Living In A Movie

One of my favorite (and highly underrated) movies ever is Last Action Hero. It’s the story of a boy named Danny Madigan who gets his hands on a magical movie ticket that unexpectedly transports him into his favorite action movie. Pretty much every boy’s moist dream. He gets to experience car chases, gun fights, explosions, and uses his knowledge of “movie rules” to help the hero save the day. What I love about this movie, besides the fact that Arnold Schwarzenegger is parodying himself, is that they constantly point out and make fun of the stark differences between the rules in real life and in movies. So I thought about some of the things that consistently happen in movies that would never happen in real life….

…and then I wrote them down. In a list. Below this sentence.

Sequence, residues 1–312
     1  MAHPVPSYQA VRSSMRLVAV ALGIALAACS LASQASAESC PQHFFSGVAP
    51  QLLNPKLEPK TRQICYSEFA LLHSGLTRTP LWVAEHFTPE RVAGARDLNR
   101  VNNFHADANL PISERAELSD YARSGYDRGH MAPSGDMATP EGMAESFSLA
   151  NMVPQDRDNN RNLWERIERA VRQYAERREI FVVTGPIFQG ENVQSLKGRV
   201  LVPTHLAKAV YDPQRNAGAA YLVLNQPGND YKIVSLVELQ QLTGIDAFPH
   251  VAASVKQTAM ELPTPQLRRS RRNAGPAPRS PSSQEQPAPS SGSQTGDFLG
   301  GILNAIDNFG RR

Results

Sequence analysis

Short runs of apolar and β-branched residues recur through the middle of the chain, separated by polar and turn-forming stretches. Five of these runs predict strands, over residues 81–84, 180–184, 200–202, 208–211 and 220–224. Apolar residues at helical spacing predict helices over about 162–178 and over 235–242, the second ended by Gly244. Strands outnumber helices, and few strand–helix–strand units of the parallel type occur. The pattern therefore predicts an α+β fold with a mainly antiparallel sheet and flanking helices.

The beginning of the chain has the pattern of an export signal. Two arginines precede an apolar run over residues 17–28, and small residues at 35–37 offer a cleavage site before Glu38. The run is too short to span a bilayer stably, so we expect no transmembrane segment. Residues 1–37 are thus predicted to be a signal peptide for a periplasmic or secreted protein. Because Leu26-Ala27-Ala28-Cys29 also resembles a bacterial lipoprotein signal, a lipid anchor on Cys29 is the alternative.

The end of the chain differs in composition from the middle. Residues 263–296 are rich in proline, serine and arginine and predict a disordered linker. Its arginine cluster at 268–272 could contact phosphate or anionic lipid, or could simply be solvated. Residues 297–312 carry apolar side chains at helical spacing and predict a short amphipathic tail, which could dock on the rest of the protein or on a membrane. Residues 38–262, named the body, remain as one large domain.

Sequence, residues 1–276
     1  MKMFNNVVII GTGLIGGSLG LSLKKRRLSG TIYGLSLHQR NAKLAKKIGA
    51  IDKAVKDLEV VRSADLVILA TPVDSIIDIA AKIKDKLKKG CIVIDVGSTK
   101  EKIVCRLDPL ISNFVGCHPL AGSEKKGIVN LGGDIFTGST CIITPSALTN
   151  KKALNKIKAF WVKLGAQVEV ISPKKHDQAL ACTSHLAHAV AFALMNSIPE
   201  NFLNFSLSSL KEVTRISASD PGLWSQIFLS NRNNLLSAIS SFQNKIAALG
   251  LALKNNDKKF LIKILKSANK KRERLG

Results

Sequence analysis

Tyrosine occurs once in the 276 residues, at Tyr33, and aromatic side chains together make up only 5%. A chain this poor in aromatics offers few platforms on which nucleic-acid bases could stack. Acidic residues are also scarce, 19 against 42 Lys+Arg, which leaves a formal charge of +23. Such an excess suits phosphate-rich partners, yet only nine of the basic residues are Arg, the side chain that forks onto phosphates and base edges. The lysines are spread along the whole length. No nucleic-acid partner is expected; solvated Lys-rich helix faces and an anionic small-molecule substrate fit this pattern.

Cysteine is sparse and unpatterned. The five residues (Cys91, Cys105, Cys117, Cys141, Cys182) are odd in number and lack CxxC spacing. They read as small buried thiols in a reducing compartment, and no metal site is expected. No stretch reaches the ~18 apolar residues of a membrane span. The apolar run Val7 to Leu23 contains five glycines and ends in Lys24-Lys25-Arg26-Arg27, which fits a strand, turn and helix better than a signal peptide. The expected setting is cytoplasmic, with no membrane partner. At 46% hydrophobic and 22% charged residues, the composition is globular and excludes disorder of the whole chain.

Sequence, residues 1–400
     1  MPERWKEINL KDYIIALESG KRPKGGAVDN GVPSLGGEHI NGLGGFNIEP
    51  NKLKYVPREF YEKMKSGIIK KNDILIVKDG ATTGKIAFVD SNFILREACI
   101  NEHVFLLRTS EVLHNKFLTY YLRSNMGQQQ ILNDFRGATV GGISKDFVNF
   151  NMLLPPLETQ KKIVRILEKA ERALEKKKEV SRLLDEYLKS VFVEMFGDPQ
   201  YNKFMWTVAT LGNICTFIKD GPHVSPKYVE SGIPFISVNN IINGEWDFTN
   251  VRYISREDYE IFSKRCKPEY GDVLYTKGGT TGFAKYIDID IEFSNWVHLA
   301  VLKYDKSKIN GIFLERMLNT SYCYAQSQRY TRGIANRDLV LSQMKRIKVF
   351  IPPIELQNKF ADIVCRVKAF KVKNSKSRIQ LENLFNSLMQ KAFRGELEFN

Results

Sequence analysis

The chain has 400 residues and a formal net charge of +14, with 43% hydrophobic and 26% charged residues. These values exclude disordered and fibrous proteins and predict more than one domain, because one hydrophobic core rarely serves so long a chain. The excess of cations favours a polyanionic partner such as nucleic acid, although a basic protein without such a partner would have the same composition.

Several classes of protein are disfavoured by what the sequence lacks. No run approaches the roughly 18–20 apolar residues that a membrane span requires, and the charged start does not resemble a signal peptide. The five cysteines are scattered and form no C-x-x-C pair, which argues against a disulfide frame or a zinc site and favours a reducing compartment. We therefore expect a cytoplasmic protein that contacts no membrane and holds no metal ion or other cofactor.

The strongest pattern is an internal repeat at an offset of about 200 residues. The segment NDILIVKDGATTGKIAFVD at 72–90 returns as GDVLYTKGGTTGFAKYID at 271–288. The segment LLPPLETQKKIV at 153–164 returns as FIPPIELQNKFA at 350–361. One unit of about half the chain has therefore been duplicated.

1. Most people with little purpose or significance in the main character’s life work in accounting.
    Accounting accounts (see what I did there?) for 78.3% of all tertiary character careers. Go pop in a random movie where one of the main characters works in an office. Guaranteed someone will bring up “Bob (they always have names with 3 letters like Bob, Pam, Tom, Jim, Tim, or Ann) from accounting.” Bob never gets more than 2 lines and is always a loser.
  2. Safety standards don’t exist